Pharoah statue to be relocated
A giant statue of Pharaoh Ramses II will be moved next month from a congested square in downtown Cairo to a more serene home near the Great Pyramids in a bid to save it from corrosive pollution, Egypt's antiquities chief said this week.
Exhaust fumes from trains, cars and buses, as well as subway vibrations, are damaging the more than 3,200-year-old granite statue at Ramses Square, its home since the early 1950s, when it was taken from a temple at the site of the ancient Egyptian capital of Memphis.
The 125-ton statue - a popular feature on postcards and guide books - will become part of a new museum about a mile from the pyramids. Contractors plan to transport a replica next week as a test. If all goes well, the real thing will make its way through the sprawling city Aug. 25.
A steel cage will be constructed around the statue and connected to steel beams. Two flatbed trucks will carry it through the city overnight to avoid traffic, an eight-mile trip that will take several hours, officials said.
Ramses II was a warrior king who is credited with bringing Egypt unprecedented power and splendor during his 67-year reign. He died in 1225 B.C.
Sunscreen to block UVA to be available
A sunscreen that blocks the type of ultraviolet radiation linked to some cancers - long available only outside the United States - won federal approval this week.
Called Anthelios SX, the sunscreen contains ecamsule, an ingredient better at blocking ultraviolet A, or UVA, radiation than other sunscreen ingredients sold in the United States. Those ingredients mainly screen out UVB rays.
UVB has long been associated with sunburn, while UVA is recognized as a deeper penetrating radiation, according to the Food and Drug Administration. Doctors suspect there is a link between UVA exposure and longer-term effects, including wrinkles, basal and squamous cell cancers, and melanoma.
Anthelios is made by the French cosmetics company L'Oreal SA. It has a sun protection factor, or SPF, of 15. The sunscreen contains three active ingredients, including ecamsule or Mexoryl SX. Mexoryl has been included in the company's sunscreens sold in Canada and Europe since 1993. LaRoche-Posay will distribute the product, the FDA said.
Use of 2 hormones may increase risk
A therapy that combines estrogen and testosterone, two hormones that wane as women age, may increase the risk of breast cancer, a new study shows.
Women taking the combination medicine after going through menopause were almost 2.5 times more likely to develop breast cancer than women who didn't use any hormones, according to an analysis of the U.S.-funded Nurses' Health Study. The risk was greater than with estrogen alone or other hormones previously linked to breast cancer, the researchers said.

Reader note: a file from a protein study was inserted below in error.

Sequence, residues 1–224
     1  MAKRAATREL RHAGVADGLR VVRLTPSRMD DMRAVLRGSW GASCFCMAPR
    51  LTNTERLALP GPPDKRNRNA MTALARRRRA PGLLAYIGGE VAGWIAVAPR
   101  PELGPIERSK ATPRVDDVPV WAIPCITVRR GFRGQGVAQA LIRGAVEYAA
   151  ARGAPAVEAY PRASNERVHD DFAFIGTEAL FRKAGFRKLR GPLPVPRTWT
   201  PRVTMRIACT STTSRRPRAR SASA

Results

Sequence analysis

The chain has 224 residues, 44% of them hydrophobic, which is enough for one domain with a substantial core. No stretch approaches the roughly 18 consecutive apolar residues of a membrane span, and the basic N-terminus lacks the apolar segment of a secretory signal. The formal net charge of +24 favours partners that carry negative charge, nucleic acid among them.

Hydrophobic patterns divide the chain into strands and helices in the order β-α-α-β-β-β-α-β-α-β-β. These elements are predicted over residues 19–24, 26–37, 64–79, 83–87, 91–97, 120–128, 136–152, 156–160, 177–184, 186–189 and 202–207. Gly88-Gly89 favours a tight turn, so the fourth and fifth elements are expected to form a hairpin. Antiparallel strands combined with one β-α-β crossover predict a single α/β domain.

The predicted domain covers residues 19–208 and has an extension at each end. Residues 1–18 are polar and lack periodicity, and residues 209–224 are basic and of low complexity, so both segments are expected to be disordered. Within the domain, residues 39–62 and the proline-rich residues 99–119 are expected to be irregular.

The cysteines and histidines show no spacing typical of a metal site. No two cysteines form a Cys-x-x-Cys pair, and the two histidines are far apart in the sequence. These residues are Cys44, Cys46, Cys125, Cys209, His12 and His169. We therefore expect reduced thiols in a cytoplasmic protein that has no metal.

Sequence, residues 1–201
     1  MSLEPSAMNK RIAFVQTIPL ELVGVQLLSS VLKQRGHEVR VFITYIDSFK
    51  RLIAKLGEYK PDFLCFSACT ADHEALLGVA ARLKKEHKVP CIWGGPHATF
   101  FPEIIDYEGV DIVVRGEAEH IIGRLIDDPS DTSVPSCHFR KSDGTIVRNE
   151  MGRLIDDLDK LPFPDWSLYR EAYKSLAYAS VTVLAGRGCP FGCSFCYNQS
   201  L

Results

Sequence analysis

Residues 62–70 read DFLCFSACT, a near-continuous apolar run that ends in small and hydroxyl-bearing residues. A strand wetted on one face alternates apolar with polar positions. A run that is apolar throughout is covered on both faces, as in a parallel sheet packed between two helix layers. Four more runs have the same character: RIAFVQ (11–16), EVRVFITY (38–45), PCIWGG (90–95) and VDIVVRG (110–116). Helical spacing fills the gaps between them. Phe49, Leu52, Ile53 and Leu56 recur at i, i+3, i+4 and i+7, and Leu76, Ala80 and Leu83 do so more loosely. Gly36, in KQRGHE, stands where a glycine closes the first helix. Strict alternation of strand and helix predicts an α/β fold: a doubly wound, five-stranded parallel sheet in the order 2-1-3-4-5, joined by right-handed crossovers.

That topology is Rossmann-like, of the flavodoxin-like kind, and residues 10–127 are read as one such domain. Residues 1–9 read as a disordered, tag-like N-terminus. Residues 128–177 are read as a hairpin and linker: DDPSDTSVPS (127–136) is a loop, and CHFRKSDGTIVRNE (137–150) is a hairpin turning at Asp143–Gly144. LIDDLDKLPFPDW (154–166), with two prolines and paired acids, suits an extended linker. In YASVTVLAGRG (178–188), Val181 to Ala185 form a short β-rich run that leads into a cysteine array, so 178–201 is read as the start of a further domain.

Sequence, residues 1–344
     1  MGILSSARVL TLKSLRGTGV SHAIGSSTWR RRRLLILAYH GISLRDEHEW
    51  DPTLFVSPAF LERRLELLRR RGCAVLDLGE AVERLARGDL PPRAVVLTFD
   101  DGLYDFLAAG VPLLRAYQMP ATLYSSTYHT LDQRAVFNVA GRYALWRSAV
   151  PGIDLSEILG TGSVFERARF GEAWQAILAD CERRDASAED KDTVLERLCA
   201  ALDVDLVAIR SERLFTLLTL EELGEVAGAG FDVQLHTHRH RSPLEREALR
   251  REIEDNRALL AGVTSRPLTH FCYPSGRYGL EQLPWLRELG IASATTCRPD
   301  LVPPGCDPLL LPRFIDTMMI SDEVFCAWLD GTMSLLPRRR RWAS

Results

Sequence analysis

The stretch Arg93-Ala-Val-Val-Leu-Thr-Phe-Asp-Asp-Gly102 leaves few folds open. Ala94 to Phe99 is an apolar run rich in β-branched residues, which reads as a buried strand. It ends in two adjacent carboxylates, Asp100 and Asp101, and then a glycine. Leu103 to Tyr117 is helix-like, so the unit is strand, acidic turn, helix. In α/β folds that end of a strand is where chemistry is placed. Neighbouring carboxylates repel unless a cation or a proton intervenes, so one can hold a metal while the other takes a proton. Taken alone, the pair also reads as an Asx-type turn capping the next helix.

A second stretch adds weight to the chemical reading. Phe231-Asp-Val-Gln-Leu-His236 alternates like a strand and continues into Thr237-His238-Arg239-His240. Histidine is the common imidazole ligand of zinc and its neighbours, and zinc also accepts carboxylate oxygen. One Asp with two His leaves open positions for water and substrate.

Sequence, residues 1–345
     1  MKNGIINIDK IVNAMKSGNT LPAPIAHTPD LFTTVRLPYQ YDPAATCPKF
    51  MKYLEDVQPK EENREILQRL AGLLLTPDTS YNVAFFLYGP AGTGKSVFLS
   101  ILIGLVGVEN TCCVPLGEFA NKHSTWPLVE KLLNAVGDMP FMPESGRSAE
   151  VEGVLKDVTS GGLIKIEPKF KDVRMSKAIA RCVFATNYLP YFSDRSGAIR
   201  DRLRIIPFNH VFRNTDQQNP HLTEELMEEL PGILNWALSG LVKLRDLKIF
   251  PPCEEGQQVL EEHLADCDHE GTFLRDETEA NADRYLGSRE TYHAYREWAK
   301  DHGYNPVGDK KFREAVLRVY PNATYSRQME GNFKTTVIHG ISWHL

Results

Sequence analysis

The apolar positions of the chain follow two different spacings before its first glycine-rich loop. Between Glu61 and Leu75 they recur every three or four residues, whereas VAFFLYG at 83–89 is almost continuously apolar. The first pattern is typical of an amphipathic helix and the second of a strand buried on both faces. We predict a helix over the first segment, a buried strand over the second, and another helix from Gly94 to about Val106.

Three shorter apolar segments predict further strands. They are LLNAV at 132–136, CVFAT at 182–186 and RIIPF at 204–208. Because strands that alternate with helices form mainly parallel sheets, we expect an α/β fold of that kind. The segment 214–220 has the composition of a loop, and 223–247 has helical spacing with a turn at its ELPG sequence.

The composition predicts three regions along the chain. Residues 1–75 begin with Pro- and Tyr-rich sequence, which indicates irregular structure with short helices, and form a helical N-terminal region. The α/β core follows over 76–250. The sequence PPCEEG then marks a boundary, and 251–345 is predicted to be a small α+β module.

Solvay Pharmaceuticals Inc.'s Estratest is the only mix of estrogen and testosterone sold in the United States. The study is the first to look at the link between breast cancer and the combination hormone therapy, taken to ease menopause symptoms. Most women are prescribed therapies based on estrogen alone.
"The possible increased risk of breast cancer should be considered" when women are weighing the use of the hormones, said lead researcher Rulla M. Tamimi, associate epidemiologist at Brigham & Women's Hospital in Boston. "We need to understand better the long-term risks of estrogen plus testosterone before advocating its use for short-term benefits."
The study appears in the July 24 Archives of Internal Medicine. The data result from analyzing survey responses from 121,700 women in the Nurses' Health Study. There were 4,610 diagnosed cases of breast cancer among the women followed from 1978 through 2002.
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Hydrocarbon lakes found on Titan
Scientists say they have found the first widespread evidence of giant hydrocarbon lakes on the surface of Saturn's planet-size moon Titan. The cluster of lakes was spotted near Titan's frigid north pole during a close-up photo shoot last weekend by the international Cassini spacecraft, which flew within 590 miles of the moon.
Researchers counted about a dozen lakes 6 miles to 62 miles wide. Some, which appeared as dark patches in radar images, were connected by channels, while others had tributaries flowing into them. Several were dried up, but the ones that contained liquid were most likely a mix of methane and ethane.
Titan is one of two moons in the solar system known to possess a significant atmosphere similar to that of primordial Earth. But astronomers have long puzzled over the source of its hazy atmosphere, rich in nitrogen and methane.
Scientists believe methane gas breaks up in Titan's atmosphere and forms smog clouds that rain methane down to the surface. But the source of methane inside the moon, which releases the gas into the atmosphere, is unknown.
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